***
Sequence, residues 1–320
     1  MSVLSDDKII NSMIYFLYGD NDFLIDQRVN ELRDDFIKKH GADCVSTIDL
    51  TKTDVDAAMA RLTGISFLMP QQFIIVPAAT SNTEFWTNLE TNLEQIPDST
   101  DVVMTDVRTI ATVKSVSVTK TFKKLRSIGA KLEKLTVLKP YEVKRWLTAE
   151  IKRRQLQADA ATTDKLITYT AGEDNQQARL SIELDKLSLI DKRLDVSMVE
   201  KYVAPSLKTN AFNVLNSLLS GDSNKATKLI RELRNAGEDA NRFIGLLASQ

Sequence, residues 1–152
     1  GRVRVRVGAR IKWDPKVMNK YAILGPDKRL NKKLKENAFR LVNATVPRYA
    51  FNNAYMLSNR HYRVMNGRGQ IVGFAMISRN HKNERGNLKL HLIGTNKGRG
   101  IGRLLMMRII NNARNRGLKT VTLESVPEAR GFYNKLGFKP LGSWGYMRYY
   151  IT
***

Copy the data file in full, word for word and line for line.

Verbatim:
Sequence, residues 1–320
     1  MSVLSDDKII NSMIYFLYGD NDFLIDQRVN ELRDDFIKKH GADCVSTIDL
    51  TKTDVDAAMA RLTGISFLMP QQFIIVPAAT SNTEFWTNLE TNLEQIPDST
   101  DVVMTDVRTI ATVKSVSVTK TFKKLRSIGA KLEKLTVLKP YEVKRWLTAE
   151  IKRRQLQADA ATTDKLITYT AGEDNQQARL SIELDKLSLI DKRLDVSMVE
   201  KYVAPSLKTN AFNVLNSLLS GDSNKATKLI RELRNAGEDA NRFIGLLASQ

Sequence, residues 1–152
     1  GRVRVRVGAR IKWDPKVMNK YAILGPDKRL NKKLKENAFR LVNATVPRYA
    51  FNNAYMLSNR HYRVMNGRGQ IVGFAMISRN HKNERGNLKL HLIGTNKGRG
   101  IGRLLMMRII NNARNRGLKT VTLESVPEAR GFYNKLGFKP LGSWGYMRYY
   151  IT